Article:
Milk is the name of a whitish fluid that the mammary glands of mammals results in. Milk for newborn mammals, the first nourishment. Milk of certain animals, especially cows milk was made, serves the people as food. In the EU, the word cow's milk meant by. In milk from other mammals milk is the name of the animal coupled to the word, eg sheep milk, goat milk, etc.
|Ingredients (%)||Cow||Sheep||Goat||Horse||Buffalo||Human being|
|Composition of milk of various mammals.|
Bacteria in the milk
Due to its specific composition milk is very sensitive for a contamination by bacteria. In the udder milk is first almost sterile. Via the teat end bacteria have the opportunity to penetrate and to infect them. These bacteria are generally harmless and there are relatively few, only a few thousand bacteria per ml. But in cases of bacterial udder infections (mastitis), the milk can be highly contaminated with bacteria and therefore unsuitable for consumption.
In the milk duct are always concentrations of bacteria, but the most are washed away at the beginning of milking.
Frequently occurring bacteria are:
- Lactic acid bacteria
- Butyric acid bacteria
- Coliform bacteria
- Rotting Bacteria
- Propionic acid bacteria
Bacteria are single-celled organisms. They reproduce primarily by cell division. Depending on the temperature, the bacteria can double within twenty minutes. When the milk temperature increases to body temperature, the bacteria in the milk increases so fast that milk with initially little bacteria can quickly sour. It is important that on the one hand, the initial number of bacteria in the milk is as low as possible and on the other hand, bacterial growth is slowed down as much as possible by cooling the temperature of the milk quickly to at least below 10 ° C. The number of bacteria in one millilitre of milk is called the bacterial count. This count is controlled by the dairy and with too high values (from 100,000 / in general), the milk no longer meets the highest quality standards.
Infections on the farm
With the actions on the farm, milk is susceptible to infections by various microorganisms, especially bacteria. The extent of infection and composition of the bacterial population depends on the cleanliness of the environment in which the cow lives. And also on the cleanliness of the surfaces with which the milk comes in contact, such as the milking machine, filters, milk cooling tank, etc. These are often much larger sources of infection than the cow's udder.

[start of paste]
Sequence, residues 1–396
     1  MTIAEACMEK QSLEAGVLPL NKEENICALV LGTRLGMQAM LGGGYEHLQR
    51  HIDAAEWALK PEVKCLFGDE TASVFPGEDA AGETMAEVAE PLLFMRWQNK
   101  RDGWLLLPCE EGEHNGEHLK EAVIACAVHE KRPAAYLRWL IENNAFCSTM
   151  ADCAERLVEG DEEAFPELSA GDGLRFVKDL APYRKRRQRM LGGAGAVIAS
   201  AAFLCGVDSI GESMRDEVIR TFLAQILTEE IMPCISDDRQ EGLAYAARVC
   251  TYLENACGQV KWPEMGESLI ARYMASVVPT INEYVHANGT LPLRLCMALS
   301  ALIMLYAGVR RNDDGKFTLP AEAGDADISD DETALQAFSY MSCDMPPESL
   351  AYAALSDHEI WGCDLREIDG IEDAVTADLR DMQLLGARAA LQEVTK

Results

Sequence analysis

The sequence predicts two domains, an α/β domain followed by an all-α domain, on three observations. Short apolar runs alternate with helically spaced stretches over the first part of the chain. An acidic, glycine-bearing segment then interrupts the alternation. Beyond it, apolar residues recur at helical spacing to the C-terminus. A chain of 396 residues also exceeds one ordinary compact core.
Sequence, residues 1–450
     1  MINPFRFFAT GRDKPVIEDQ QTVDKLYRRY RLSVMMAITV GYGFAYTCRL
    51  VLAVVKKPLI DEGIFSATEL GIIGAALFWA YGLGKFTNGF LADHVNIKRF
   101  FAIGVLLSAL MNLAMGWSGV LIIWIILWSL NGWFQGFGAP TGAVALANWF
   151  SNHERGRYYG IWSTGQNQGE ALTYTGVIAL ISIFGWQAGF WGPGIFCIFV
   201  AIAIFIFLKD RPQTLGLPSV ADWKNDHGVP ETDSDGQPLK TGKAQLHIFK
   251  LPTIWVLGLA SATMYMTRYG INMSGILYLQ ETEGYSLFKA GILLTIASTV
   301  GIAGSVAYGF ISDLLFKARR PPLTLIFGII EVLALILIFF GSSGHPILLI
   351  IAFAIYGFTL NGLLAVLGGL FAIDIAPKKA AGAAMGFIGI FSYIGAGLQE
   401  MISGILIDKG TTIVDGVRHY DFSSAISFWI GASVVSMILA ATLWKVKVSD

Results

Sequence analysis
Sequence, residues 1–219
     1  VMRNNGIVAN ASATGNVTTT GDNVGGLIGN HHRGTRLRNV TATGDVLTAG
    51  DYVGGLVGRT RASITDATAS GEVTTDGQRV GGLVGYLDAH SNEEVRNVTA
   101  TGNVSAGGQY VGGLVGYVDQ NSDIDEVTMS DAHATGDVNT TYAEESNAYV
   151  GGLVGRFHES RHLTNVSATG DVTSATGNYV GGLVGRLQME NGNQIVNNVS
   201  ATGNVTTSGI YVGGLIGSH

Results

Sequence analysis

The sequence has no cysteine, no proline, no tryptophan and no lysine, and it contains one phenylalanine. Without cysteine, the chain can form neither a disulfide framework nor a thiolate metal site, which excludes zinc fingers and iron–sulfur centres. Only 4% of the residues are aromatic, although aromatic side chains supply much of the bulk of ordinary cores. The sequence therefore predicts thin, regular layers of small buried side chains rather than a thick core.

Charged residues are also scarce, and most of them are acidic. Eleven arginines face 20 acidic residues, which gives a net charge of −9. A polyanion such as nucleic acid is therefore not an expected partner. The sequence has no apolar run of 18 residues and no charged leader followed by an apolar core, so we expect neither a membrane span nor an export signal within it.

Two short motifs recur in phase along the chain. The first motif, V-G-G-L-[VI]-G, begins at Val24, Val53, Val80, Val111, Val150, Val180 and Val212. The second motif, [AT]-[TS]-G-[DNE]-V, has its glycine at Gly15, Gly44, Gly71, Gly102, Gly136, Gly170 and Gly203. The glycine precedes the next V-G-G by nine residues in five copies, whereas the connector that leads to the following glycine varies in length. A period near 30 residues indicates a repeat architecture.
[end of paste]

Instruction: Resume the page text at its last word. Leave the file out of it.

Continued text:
Possible reasons for the increase of bacteria:
- not milked carefully
- poor cooling
- no optimal hygiene
- too little water during cleaning
- no, or too little detergent
- too low temperature of the cleaning water
- not enough turbulence in the main disinfection
- too short period of disinfection
- dead spots, which are not accessed during disinfection
- worn parts (e.g. liner)
A condition for the production of quality milk is optimal hygiene. It is of utmost importance that the growth of bacteria is limited to a minimum.
The temperature is the most important factor to influence the growth and reproduction of bacteria in stored milk. Bacteria can develop only at certain temperatures, and these temperatures vary from species to species. In general, the growth of bacteria in the milk is greatly reduced by cooling to below 10 degrees. Temperatures of about 4 ° C are necessary in order to nearly stop bacterial growth.
Not only the storage temperature is important, but the time that is necessary to reach the storage temperature (4°C) is of influence. Milk cooling tanks are designed specially to cool the milk quickly to 4°C.
The cooling of milk on the dairy farm has two important reasons:
- the control of bacteria
- the extension of time that the milk can be stored on the dairy farm. It is there-for possible to store the milk production for several days, thus, the milk will be collected less often and milk transport costs are reduced.